Physical activity, and in particular walking, is an essential part of daily life and may be influenced by flares. Physical activity can be objectively and precisely measured using activity trackers. Therefore, we have previously hypothesized that activity trackers could be used in the assessment of disease flares.
Detecting flares by activity trackers: The ActConnect Study
We performed a three-month longitudinal observational study (ActConnect) to explore the link between flares and physical activity measured by activity trackers. Patients with either RA or axSpA were included consecutively within several centers in France. Patient-reported flares were assessed weekly through an app on the patient’s smartphone, which asked a dedicated question: “Has your disease flared up during the past week?”. Physical activity was collected continuously using a connected activity tracker (Activité Pop watch; Withings®, Issy-les-Moulineaux, France) over the 3 months.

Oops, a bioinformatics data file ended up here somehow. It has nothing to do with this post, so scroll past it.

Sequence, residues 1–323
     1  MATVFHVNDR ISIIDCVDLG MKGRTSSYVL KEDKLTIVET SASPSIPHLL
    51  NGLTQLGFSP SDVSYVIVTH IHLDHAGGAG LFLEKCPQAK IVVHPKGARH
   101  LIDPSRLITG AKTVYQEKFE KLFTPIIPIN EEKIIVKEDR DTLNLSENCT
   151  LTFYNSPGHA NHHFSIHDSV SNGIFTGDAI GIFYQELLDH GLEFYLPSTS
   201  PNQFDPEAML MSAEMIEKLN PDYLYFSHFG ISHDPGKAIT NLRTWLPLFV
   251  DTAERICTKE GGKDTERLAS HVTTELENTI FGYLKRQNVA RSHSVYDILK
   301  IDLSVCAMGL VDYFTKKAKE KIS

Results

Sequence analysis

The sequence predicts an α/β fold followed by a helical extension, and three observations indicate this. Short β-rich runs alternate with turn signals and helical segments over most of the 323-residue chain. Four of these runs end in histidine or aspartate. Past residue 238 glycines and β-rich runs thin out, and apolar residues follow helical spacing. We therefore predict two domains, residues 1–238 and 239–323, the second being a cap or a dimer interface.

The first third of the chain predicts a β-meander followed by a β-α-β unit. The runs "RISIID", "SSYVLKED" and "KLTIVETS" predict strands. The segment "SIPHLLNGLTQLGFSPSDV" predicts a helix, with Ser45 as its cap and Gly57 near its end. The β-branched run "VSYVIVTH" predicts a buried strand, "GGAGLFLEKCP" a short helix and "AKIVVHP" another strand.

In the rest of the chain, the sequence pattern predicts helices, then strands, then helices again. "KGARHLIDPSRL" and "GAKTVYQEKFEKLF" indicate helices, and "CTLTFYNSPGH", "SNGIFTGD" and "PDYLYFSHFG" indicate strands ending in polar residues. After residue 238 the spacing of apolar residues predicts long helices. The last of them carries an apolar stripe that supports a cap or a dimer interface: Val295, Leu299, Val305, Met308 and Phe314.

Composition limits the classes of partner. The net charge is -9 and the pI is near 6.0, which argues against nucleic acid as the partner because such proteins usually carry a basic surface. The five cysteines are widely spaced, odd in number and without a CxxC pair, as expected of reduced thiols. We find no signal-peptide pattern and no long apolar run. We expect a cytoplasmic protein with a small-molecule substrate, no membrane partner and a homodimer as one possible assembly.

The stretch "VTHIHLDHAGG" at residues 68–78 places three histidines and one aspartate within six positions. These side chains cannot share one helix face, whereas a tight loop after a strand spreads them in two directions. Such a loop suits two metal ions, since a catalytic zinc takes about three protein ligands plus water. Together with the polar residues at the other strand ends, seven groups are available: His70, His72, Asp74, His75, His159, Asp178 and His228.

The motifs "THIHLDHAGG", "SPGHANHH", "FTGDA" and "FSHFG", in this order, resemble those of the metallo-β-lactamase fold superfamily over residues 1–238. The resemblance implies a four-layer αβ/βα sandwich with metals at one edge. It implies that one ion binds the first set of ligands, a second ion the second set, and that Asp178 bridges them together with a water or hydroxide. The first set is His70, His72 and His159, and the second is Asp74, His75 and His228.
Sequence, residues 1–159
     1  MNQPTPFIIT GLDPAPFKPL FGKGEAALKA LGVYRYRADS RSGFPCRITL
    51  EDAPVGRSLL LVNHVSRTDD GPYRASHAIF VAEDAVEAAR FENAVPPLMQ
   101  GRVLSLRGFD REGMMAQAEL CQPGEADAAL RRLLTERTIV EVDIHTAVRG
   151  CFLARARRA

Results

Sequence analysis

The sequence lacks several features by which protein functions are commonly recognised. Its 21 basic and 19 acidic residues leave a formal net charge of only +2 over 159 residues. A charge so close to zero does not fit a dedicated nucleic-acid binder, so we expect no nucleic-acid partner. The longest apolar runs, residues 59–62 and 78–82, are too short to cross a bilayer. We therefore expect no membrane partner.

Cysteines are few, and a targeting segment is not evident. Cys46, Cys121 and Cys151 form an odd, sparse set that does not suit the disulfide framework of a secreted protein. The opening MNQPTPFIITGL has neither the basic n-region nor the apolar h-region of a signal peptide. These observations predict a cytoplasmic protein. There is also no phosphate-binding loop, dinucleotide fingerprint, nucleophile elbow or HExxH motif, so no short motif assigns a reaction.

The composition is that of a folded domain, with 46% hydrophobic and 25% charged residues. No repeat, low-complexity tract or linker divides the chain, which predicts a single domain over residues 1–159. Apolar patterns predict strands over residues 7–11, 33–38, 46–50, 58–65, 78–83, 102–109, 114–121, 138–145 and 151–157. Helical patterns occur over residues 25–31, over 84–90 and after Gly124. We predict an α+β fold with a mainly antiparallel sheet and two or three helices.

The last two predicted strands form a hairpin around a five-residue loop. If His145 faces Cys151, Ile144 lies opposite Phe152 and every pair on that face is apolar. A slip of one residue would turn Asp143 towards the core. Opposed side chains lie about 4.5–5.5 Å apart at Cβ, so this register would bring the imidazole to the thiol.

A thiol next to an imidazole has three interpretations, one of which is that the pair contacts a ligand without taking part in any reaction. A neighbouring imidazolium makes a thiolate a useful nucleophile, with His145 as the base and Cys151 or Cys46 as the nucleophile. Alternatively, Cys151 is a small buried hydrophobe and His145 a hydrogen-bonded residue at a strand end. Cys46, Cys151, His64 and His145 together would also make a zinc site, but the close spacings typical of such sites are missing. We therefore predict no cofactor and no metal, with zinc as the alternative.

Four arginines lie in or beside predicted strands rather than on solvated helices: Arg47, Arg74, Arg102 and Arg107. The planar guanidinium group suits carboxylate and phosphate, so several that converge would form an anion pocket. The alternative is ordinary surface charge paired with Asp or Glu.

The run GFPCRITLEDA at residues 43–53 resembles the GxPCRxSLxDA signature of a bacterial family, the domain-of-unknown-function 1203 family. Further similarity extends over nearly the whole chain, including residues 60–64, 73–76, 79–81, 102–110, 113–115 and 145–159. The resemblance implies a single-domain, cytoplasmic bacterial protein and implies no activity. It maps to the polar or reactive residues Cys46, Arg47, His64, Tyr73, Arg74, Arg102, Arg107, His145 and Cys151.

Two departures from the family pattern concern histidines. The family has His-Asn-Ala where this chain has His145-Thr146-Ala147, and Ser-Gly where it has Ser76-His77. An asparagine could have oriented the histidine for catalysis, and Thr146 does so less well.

During the study we found that:
1. Flares were frequent
Most of the 170 patients had long-standing disease and around half of them were receiving a biologic. Although the disease appeared well controlled, patients reported having experienced a flare in 28% of the weekly assessments, on average.
2. Physical activity was moderate overall
The mean number of steps over three months was 7067 (± 2770) steps per day, and 24–30% of patients fulfilled the World Health Organisation recommendations for physical activity.
3. Flares were related to a moderate decrease in physical activity
At the group level, during weeks with flares, there was a relative decrease in physical activity of 12–21%, corresponding to an absolute decrease of 836–1462 steps per day. However, we were unable to find a precise cutoff value that allowed detection of flares based on steps.
Using AI to investigate the link between flares and activity